It’s about income.
Maine Equal Justice Partners recently released a critical report that tells the true story about MaineCare’s Childless Adult Waiver Program. Media coverage was extensive, but failed to include any critical assessment of the claims made by the report’s naysayer.
The Maine Heritage Policy Center’s (MHPC) Lance Dutson made the most audacious claim that the current policy of providing health insurance to childless adults making less than $10,890 a year hurts the private insurance market. Dutson told Maine Public Radio that “when people are able-bodied, young people that are being pulled out of the private insurance market, I think that’s a group of people we have to look at.”
Dutson’s assertion assumes two things, both of which are false. 63%of the low-income adults covered by this program are 35 or older and 43% are 45 or older. MEJP also cites DHHS analysis that found 47 percent of program participants fell into a major diagnosis grouping of cancer or disease; 24 percent had a diagnosis categorized as a mental disorder, and 11 percent were treated for an injury or poisoning– hardly the young and able-bodied population that Dutson suggests. In fact, if these individuals showed up in the private insurance market, rather than decrease the costs of insurance for everyone else rates would likely increase because of the level of services they would require. If they had no insurance at all, the cost for care they receive would shift to health care providers in the form of uncompensated care, to local communities in the form of increased requests for general assistance and to the premiums of the insured when providers raise their rates to compensate. Shifting costs is merely a shell game which none of us wins.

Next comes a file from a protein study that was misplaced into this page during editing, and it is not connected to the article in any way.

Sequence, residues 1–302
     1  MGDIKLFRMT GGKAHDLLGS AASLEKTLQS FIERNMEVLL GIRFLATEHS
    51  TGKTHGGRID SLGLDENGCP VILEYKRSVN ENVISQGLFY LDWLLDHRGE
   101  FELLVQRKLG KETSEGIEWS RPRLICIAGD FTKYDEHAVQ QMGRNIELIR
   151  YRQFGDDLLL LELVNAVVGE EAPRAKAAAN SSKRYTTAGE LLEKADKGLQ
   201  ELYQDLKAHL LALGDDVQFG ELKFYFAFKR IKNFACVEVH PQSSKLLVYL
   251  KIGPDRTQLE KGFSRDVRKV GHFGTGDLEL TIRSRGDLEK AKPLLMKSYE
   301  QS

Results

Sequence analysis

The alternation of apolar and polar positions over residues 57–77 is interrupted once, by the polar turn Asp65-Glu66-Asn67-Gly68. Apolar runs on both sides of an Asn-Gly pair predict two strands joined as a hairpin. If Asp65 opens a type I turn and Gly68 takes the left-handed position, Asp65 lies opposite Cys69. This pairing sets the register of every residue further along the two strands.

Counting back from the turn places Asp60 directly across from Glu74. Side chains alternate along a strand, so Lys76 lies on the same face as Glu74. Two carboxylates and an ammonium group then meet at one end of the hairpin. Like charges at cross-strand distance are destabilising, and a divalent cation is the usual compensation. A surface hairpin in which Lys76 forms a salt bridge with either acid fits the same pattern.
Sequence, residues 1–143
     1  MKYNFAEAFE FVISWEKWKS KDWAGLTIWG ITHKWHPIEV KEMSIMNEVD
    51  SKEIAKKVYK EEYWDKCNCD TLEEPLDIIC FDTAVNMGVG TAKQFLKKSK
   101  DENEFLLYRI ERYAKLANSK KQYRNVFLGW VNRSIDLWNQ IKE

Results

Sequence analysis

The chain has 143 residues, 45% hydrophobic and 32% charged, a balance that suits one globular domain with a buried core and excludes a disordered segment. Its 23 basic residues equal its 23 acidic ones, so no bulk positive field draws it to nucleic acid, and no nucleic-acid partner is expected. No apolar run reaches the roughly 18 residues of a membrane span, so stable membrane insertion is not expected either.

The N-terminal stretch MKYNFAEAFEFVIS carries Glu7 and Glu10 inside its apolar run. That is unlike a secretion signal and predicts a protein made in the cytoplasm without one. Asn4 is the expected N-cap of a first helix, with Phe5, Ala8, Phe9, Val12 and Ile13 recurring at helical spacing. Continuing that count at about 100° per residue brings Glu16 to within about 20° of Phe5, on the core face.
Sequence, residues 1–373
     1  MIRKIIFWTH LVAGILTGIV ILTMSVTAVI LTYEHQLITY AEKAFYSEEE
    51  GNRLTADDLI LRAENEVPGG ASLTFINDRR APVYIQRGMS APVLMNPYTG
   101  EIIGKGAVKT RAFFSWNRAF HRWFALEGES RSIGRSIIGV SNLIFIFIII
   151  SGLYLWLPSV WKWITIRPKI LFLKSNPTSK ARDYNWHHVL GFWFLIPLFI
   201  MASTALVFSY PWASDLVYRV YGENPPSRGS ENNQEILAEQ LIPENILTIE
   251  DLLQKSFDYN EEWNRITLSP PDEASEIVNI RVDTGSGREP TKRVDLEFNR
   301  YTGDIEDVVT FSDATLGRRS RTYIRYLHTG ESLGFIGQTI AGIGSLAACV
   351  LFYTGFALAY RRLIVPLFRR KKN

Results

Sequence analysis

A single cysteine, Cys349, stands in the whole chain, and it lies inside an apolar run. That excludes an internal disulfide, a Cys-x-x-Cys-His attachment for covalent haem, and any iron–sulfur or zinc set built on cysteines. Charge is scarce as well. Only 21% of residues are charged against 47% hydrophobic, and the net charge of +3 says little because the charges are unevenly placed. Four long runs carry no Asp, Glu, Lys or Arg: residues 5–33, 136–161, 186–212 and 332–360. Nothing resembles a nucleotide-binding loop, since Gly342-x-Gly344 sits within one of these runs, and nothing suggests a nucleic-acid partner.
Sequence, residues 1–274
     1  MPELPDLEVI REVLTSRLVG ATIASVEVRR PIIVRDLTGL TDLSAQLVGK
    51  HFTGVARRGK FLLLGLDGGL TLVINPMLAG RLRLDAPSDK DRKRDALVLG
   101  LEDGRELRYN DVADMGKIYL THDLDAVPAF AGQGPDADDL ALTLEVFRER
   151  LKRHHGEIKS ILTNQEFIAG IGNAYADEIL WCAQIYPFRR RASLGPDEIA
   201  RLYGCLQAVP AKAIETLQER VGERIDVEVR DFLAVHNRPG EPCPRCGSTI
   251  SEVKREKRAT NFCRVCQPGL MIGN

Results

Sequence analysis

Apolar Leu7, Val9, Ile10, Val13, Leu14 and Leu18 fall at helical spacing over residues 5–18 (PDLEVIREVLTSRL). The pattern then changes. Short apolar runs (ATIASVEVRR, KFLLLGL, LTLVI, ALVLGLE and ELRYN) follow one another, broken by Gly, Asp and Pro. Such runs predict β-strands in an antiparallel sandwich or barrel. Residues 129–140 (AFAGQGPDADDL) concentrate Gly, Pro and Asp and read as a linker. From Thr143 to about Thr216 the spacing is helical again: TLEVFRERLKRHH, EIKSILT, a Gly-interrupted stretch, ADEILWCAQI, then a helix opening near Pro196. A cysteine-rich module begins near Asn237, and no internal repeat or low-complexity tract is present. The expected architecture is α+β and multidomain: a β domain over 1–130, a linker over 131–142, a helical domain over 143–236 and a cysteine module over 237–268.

This raises a critical question. How can anyone with an income of less than $11,000 per year, even if they are young and able-bodied, ever afford meaningful private insurance coverage in the first place?
MHPC’s ideologically inspired vision of a perfectly competitive private insurance market that would dramatically increase access to care for all people is a fantasy particularly if people don’t earn enough to pay for coverage. Suggesting that providing MaineCare coverage to low-income childless adults somehow hurts the private insurance market doesn’t even pass the straight face test.
The world is not flat and it is time we challenge the statements of those who would suggest otherwise. When credible evidence is available to refute such claims failing to hold the critics accountable is irresponsible.